New awards celebrate '99 per cent' of young black Sheffielders doing good in community
New awards have been launched to highlight the achievements and hard work of young black people in Sheffield, which so often go unacknowledged.
The ADIRA Young Black & Gifted Awards are an attempt to set the record straight, say their founders, in the face of unfair media portrayals fuelling negative stereotypes.
Too often, they argue, young black people only make the news when they are involved in shootings or stabbings, giving the misleading impression they are all embroiled in crime.
The awards are the brainchild of Ursula Myrie, who set up ADIRA to support people with mental health problems and challenge the stigma she says continues to surround the condition within the black community.
"The media are so focused on highlighting the negative behaviour of young black people who are involved in gun and knife crime," said the 45-year-old mother-of-two.
"We want to switch the focus to them with these awards, proving that what they're doing is appreciated and encouraging them to stick at it, while showing the tiny minority who are involved in gangs what they could achieve if they change their ways."
The idea was inspired by her experiences as a mother, where she found that if one daughter was being good and the other acting up the naughty one would get all the attention, meaning there was little incentive for the obedient child to keep behaving well.
"Sometimes it's easy to set the bar too high, so we want to make sure the young people who may suffer setbacks but keep trying aren't forgotten, like someone who might have failed an exam three times times but doesn't stop studying hard for the next attempt," said Ms Myrie.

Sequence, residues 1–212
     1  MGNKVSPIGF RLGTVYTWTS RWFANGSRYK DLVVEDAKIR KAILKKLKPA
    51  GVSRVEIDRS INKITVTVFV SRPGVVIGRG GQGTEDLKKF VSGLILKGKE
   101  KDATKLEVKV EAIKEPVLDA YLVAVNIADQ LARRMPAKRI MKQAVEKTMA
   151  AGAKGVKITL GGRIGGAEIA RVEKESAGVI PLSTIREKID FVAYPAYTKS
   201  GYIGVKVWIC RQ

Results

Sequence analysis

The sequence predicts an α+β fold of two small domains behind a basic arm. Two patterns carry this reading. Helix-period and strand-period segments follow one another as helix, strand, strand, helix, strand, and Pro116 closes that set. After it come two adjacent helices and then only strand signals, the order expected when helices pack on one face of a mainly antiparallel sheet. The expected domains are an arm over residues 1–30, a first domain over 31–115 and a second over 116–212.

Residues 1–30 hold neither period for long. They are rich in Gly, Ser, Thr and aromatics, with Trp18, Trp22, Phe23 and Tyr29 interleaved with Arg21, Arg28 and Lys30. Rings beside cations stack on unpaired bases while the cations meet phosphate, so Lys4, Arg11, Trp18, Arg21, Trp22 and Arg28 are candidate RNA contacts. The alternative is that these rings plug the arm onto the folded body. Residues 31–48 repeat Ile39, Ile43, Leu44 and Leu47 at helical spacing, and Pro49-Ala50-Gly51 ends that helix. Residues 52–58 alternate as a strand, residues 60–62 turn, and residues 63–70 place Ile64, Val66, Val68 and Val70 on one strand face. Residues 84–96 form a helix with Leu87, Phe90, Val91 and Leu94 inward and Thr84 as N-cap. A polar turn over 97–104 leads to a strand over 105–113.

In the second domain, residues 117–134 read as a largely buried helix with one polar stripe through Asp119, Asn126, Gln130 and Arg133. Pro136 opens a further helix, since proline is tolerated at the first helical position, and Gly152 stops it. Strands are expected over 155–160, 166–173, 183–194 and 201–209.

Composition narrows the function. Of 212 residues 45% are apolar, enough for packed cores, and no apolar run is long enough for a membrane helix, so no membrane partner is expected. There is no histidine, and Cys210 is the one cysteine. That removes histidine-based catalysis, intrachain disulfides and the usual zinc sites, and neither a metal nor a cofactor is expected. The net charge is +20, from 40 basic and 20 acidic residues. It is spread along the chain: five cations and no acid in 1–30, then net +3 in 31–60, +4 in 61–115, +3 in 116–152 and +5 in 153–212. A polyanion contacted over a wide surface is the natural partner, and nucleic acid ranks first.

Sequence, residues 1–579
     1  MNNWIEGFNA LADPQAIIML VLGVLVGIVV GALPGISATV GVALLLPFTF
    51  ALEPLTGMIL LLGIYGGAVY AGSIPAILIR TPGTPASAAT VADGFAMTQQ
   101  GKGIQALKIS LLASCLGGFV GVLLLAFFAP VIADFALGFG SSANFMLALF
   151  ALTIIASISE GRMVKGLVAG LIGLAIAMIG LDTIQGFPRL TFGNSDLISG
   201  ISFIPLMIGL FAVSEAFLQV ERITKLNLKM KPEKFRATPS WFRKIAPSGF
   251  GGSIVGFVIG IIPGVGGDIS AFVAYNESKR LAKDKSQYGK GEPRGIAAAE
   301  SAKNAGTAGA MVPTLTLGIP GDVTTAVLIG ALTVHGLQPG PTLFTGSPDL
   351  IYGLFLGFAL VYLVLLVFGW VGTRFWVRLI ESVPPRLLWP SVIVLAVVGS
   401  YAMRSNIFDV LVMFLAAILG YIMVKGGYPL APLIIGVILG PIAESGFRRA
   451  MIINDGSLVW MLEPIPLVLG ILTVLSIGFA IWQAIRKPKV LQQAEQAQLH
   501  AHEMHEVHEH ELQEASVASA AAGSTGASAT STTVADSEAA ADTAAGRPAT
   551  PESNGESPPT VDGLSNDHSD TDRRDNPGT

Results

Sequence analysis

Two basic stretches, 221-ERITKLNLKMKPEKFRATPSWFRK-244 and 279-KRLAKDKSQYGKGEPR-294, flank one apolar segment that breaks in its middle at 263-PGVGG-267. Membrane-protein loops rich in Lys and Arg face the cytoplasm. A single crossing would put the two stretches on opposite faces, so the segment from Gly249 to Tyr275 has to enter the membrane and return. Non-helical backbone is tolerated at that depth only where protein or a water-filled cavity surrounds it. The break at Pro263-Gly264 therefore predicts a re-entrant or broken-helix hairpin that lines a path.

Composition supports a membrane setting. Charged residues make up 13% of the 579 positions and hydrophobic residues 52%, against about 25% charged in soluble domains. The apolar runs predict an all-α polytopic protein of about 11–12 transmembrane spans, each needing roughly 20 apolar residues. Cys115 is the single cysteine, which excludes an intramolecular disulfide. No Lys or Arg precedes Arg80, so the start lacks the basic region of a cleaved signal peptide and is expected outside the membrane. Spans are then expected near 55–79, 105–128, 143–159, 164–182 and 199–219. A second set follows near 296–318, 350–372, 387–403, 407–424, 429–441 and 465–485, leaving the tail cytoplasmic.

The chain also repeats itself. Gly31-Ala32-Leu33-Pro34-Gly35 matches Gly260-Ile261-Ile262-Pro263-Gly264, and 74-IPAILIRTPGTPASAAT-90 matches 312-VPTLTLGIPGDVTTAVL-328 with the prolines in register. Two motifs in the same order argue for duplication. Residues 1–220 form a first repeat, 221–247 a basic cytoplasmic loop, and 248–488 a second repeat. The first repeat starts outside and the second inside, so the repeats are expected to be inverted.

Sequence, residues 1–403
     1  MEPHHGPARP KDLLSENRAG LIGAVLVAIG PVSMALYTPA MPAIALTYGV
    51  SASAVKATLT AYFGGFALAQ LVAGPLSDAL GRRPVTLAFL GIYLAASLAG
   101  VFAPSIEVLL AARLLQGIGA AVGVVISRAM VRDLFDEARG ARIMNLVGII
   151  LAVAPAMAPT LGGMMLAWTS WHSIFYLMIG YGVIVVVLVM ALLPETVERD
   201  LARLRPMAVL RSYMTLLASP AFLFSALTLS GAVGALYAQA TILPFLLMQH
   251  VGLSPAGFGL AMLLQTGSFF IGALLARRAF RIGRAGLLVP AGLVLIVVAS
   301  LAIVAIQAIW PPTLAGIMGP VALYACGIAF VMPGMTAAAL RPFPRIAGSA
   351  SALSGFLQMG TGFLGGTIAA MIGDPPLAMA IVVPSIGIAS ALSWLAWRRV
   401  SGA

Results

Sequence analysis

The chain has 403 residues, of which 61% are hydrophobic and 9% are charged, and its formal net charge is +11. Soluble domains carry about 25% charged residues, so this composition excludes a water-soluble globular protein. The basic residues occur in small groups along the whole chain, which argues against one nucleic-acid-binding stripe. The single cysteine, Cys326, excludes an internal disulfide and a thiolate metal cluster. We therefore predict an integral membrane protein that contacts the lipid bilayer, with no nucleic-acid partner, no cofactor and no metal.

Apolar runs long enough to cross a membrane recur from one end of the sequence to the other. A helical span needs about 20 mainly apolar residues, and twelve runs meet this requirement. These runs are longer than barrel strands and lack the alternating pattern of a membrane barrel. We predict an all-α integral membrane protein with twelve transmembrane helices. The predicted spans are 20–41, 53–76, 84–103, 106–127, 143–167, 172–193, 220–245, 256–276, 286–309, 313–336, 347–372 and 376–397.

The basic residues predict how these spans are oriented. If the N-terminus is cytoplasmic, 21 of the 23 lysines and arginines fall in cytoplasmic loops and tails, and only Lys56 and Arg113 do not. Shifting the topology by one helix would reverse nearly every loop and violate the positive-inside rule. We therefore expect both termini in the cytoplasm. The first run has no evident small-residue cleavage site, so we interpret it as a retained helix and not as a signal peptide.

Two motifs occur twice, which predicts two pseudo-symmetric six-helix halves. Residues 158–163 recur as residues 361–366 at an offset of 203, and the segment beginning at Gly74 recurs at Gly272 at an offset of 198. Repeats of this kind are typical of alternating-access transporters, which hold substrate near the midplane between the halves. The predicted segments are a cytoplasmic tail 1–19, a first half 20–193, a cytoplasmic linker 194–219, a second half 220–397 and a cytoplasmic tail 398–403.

Christopher Luteke is the sort of person for whom the awards were created.
The 21-year-old middleweight boxer from Wybourn is a five-time national champion who dreams of making the next Olympics, but for all his success he is no stranger to disappointment.
He lost the fight which would have taken him to this year's Commonwealth Games, but he refused to let that knock back deter him from his goal of reaching the pinnacle of his sport.
"I think these awards are a great idea because we usually focus too much on the negative, even though there are far more young black people doing positive things," he said.
Young black people are helping promote the awards, creating and distributing the flyer and spreading the word via social media.
Among them is Maria Walker, a 22-year-old student from Southey Hill.
"The only picture you see of us in the media is a very negative one, of people involved with knives and guns, and it's a stereotype which follows us everywhere we go," she said.
"But that's just one per cent of the story and we hope these awards will help us paint a different narrative of who we are within the community, showing the reality that 99 per cent of us are behaving well and contributing positively to society."
The awards feature seven different categories, including sports, enterprise, culture and perseverance, and nominations are now open.
The deadline for entries is August 2, and the awards ceremony will take place at Niagara Conference and Leisure Centre in Hillsborough on Friday, October 19.
* You can pick up a nomination form from the locations listed below, or contact Ursula Myrie for more information by emailing [email protected] or calling 07761925938.
* Young Healthwatch Sheffield, The Circle, 33 Rockingham Lane, Sheffield S1 4FW
* Sheffield Mind, 110 Sharrow Lane, Sheffield S11 8AL
* Alicia Nang Hair and Beauty, 28 Snig Hill, Sheffield S3 8NB
* Jiggas Flavourlicious, 210-212 Cricket Inn Road, Sheffield S2 5AT
* Ma Ma Afro Ltd, 93 Firth Park Road, Sheffield S5 6WT
* Jerk Hut, 35 High Street, Sheffield S1 2GA